In the last article, I spent lots of paragraphs on the tour de Eiffel and my host family; I ran out of spaces to complete the part about museums. Paris has around 130 museums within the city; my student ID has a free access to all museums, so I’ve been to about five museums such as Chateau de versatile—covers the history of the artifacts and castle itself. Most of the museums are about art or history.
Centre Georges Pompidou/ Pompidou Centre:
It is a complex building which has an outlook of circuit water pipes, located on the 4th arrondissement of Paris in the old Marais. Our CIEE center, where we met for classes, was four metro stops away from the Pompidou. Once I even went to the Pompidou to do my reading for class. The Pompidou center consists of multiple functions—the public information library and the modern art museum. In 1969, the president Pompidou approved the project of the largest museum- Pompidou center. The design by Italian architect Renzo Piano, Gianfranco Franchini and British architect Richard Rogers stood out among others in the architectural design competition. The New York Times said the Pompidou center was “love at second sight.”
The first time I came to the Pompidou was part of the tour led by our instructors. We got off at the Les Halles metro and came out. The building was attractive because of the color and the structural outlook. Giant elevators, pipelines are in harmony. I did not expect the space in front of the Pompidou center becoming the place for artists, people who want to find a quiet space for reading and gathering.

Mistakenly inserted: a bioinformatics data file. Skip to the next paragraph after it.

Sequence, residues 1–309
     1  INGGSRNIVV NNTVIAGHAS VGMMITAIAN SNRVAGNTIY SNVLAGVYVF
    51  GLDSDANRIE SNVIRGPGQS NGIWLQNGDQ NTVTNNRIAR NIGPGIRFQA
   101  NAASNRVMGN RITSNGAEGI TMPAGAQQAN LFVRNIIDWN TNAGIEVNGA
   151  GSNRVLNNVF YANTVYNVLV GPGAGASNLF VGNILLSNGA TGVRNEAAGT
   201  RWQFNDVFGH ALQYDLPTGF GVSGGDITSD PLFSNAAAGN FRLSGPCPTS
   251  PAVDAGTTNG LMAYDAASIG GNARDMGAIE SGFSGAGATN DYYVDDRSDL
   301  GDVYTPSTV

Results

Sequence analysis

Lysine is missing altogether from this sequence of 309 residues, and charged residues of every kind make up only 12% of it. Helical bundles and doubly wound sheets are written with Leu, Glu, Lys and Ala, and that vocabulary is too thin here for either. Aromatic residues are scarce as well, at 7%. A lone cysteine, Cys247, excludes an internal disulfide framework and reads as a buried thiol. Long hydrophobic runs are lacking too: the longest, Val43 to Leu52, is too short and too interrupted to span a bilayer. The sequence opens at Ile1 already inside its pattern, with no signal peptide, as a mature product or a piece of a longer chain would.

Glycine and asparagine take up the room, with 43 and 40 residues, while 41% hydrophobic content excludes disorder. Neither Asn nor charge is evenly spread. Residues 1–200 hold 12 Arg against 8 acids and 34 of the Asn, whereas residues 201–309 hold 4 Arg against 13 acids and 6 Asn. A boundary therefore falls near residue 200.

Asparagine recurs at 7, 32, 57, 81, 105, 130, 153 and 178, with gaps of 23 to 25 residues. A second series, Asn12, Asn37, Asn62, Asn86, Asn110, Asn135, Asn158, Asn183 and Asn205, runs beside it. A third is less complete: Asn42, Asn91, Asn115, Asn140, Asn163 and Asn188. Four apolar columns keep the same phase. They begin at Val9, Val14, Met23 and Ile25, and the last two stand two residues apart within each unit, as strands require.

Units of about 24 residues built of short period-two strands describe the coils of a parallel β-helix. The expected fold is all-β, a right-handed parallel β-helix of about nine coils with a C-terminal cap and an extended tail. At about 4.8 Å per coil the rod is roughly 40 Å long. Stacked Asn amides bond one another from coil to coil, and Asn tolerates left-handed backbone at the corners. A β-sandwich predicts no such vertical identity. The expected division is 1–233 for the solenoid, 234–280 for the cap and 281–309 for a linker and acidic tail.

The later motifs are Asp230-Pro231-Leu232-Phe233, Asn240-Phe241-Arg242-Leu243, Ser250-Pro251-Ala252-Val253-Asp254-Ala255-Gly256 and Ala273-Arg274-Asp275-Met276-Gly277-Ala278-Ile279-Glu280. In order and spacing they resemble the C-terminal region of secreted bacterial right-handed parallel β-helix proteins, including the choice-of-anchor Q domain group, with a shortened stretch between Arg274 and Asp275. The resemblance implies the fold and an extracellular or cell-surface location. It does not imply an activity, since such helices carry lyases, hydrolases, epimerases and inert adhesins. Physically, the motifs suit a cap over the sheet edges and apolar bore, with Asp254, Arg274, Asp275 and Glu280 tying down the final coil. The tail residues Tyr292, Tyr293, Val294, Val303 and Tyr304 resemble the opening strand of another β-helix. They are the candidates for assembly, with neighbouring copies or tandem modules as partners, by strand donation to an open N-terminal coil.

Entering the Pompidou center, the second floor is where the public library is located; the modern art pieces from the post second world war period is on the fourth and fifth floor. The exhibition had a similar feeling as the Guggenheim Museum. It has masterpieces by Henri Matisse, Pierre Bonnard and etc. Except for the static art, the museum features a lot of moving pictures, experimental films. Even though the art pieces are abstract, the setting and the inner structure of the building is awesome. The street next to the Pompidou center is also full of art activities.
Musée d’Orsay/ Orsay Museum
Musée d’Orsay is located on the left bank of the Seine and it was transformed from a railway station Gare d’Orsay. It has largest collections of the Impressionism painting. The station’s platforms were not suitable for the train, so it was used as a train running in the suburban area and later as a film set. Until 1974, the director of the museums of France suggested building a museum out of the station to bridge the gap between the Louvre and the Centre Pompidou. The Orsay has paintings, sculptures, photography from 1848-1914. I really favor the impressionism paintings from Monet and Cézannee, apparently, this is the museum for it.